Michael Keaton (Birdman) Keaton made a spectacular leading man comeback with a transparent riff on his own persona. His comic timing was superb, his lack of vanity Oscar-worthy (cough), and he outdid Edward Norton (Greatest Actor of His Generation TM) in artistic and emotional angst.

David Oyewelo (Selma) Oyelowo gave a fiery performance as MLK, whipping up a mass demonstration for a Voting Rights Act. He oozed charisma in three speeches, but was extremely vulnerable in King’s guilt and self-doubt over deaths caused by his rhetoric and leadership, and shame at his infidelities.

Matt Damon (The Martian) Damon’s best studio lead since The Adjustment Bureau was powered by Drew Goddard’s hilarious screenplay. As a one-man show on Mars his sequences were a never-ending vlog of riffs and one-liners, and Damon delivered with immense charm and comic timing.

Runners Up:

Jason Schwartzman (Listen Up Philip) Schwartzman was on familiar Bored to Death turf but he made Philip intriguing. A hugely narcissistic novelist, lacking in empathy, and casually abrasive, but also talented, capable of being hurt to a devastating degree, and perhaps too emotionally guarded because of that.

Keanu Reeves (John Wick) Keanu made one hell of a comeback as a civilised hit-man universally beloved in the hit-community, larger underworld, and the small town he retired too. Keanu’s stunt-work was an endearing mix of fluency and occasional rustiness, and he made us love Wick too.

Joaquin Phoenix (Inherent Vice, Irrational Man) Phoenix shambled endearingly as the perma-stoned PI straight man to a merry-go-round of lunatics, while his self-loathing philosophy professor embracing Dostoyevskyean freedom saw him deliver a truly amazing expression: guilt, fear, relief, and panic.

Also Placed:

Oscar Isaac (A Most Violent Year) A Pacino quality came off Isaac’s performance as oil entrepreneur Abel Morales. Early, subtle Pacino. Abel would not be bullied, would not break the law, and would not accept dirty deeds on his behalf. Isaac played this principled soul with a quiet, dignified stillness.

Tom Cruise (MI5) His implausible early escape up a pole got a few laughs at my screening. I believed Cruise could do it, he’s a fitness nut. Also in other ways, but plane stunt nuts is good; and there’s a self-deprecating quality to Cruise, absent from his 90s heyday, that makes him very winning.

February 25, 2015

JDIFF 2015: 15 Films

Filed under: Talking Movies — Fergal Casey @ 10:53 pm
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Booking opened for the Jameson Dublin International Film Festival at 7.30pm tonight, so here are 15 films to keep an eye on at the festival.

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THE PRICE OF DESIRE (8.15pm Thu 19th Mar, Savoy)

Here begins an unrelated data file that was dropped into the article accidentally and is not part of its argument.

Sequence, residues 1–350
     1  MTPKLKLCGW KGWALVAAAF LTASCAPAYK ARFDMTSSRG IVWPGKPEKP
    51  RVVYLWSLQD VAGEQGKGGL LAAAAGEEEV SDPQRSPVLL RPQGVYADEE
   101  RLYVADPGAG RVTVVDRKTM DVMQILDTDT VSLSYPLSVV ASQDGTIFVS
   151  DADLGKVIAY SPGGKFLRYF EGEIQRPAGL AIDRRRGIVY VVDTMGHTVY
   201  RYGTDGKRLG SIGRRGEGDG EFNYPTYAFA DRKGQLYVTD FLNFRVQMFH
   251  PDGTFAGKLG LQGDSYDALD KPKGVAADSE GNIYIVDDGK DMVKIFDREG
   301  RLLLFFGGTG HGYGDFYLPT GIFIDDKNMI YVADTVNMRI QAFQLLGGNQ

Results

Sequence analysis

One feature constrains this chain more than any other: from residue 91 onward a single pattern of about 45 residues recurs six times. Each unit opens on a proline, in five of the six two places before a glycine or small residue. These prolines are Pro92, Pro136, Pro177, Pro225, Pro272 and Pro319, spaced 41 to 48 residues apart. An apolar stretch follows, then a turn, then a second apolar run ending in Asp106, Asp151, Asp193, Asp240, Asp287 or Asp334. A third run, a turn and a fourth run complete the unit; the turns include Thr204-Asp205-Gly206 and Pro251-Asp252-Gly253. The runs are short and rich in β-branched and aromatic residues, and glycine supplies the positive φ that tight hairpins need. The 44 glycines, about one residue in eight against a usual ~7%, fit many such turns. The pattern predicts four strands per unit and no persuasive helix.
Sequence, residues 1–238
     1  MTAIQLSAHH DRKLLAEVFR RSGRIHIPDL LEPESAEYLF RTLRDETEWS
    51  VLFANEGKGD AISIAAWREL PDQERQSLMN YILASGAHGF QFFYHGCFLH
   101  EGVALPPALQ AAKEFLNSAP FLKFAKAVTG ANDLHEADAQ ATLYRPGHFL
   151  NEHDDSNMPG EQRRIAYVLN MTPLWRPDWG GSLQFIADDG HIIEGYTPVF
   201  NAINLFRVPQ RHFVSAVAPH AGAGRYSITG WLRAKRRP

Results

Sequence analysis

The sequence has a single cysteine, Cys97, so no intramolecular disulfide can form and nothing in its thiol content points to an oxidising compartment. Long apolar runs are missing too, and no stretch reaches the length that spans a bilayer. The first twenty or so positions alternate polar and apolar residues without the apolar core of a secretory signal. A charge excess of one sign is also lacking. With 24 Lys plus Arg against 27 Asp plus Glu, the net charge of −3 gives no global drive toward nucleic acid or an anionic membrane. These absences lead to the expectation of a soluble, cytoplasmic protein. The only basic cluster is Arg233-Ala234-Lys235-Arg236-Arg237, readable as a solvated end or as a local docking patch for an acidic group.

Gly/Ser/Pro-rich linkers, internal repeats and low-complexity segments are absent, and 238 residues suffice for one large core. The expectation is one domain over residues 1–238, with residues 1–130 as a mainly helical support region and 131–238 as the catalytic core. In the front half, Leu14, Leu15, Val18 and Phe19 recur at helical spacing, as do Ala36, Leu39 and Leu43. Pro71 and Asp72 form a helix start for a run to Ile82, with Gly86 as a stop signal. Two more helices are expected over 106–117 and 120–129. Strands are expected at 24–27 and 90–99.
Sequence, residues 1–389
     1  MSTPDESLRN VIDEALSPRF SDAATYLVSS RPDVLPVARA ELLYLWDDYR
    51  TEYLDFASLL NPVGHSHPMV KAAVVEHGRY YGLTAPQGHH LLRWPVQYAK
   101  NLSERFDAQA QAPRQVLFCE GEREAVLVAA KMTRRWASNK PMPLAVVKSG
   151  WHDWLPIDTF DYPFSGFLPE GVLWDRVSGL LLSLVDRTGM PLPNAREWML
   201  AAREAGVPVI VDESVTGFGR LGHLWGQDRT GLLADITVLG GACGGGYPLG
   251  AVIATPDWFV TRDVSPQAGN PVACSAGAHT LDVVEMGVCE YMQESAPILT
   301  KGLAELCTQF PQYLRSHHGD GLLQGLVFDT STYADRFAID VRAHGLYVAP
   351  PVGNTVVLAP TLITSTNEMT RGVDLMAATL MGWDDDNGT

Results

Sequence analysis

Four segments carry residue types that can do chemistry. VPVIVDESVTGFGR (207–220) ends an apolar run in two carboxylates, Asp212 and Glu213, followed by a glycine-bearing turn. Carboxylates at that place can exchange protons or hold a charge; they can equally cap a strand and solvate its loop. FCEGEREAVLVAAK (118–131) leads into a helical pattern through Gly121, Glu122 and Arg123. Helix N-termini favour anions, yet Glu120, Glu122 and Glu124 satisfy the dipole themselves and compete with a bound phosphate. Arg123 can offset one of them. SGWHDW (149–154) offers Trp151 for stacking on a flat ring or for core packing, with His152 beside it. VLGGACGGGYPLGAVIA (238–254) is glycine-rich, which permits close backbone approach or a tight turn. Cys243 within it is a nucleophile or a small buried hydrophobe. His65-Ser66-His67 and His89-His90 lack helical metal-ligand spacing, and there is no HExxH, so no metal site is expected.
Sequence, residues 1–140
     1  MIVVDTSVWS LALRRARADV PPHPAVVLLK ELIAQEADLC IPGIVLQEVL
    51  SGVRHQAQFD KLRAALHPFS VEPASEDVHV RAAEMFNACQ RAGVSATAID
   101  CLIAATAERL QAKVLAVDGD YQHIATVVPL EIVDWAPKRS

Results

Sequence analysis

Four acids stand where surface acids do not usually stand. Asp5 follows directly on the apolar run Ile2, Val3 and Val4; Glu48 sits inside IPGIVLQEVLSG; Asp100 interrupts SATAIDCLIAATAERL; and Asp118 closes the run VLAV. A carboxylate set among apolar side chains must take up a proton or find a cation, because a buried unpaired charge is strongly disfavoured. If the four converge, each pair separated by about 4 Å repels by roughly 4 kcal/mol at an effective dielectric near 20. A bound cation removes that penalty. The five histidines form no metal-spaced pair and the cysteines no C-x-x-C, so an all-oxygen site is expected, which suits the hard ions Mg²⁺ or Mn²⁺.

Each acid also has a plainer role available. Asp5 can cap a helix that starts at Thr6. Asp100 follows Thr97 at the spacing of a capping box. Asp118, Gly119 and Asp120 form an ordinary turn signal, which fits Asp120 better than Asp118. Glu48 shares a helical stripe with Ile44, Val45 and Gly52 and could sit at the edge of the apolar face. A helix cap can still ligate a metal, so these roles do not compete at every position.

Writer/director Mary McGuckian’s first film since The Man on the Train in 2011 opens the festival. Orla Brady stars as Irish modernist designer Eileen Gray, with Vincent Perez as legendary architect Le Corbussier. The film examines how Le Corbussier arrogantly attempted to minimise the contribution of Gray to a landmark piece of modernist architecture, the E-1027 house. Co-stars include Outlander’s Caitriona Balfe and Alanis Morrisette (!).

THE WATER DIVINER (7.30pm Fri 20th Mar, Savoy)

Russell Crowe makes his directorial debut with a WWI tale about the slaughter of the ANZAC in Turkey. Crowe’s farmer Joshua Connor travels to Gallipoli in 1919 in search of his three sons, missing in action since 1915. He is aided in this likely fool’s errand by Istanbul hotel manager Olga Kurylenko (Quantum of Solace) and heroic Turkish major Yilmaz Erdogan (Once Upon A Time in Anatolia).

99 HOMES (8.30pm Fri 20th, Cineworld)

Writer/director Ramin Bahrani tackles the collapse of the sub-prime bubble in this tale of Florida real estate. Michael Shannon is a heartless real estate agent who is the Mephistopholes to the Faust of Andrew Garfield’s unemployed contractor. First he evicts Garfield, then he offers him a job, and Garfield, though conflicted accepts… Yes, Shannon gets to let rip; according to him Bahrani kept polishing his set-piece rant throughout shooting.

Rumpistol-pix

BARRY LYNDON (1.30pm Sat 21st Mar, Savoy)

Stanley Kubrick’s adaptation of Thackeray’s picaresque romp Barry Lyndon is now 40 years old. Kubrick’s obsession with using only natural light was enabled by John Alcott, Ken Adam’s production design recreated the splendour of the 18th century, and a mischievous sense of humour belied the 3 hour running time and symmetrical compositions. Star Ryan O’Neal and producer Jan Harlan will be interviewed afterwards by Frank director Lenny Abrahamson.

LISTEN UP PHILIP (6.30pm Sun 22nd Mar, Cineworld)

Writer/director Alex Ross Perry breaks through with his third film. Jason Schwartzman is an obnoxious writer splitting up with Elisabeth Moss as he simmers over the reception of his second novel. His retreat in his mentor’s country home is interrupted by the arrival of Krysten Ritter. But can he get past his ego to notice her? Bret Easton Ellis vouches for this, but remember Greenberg, exercise caution.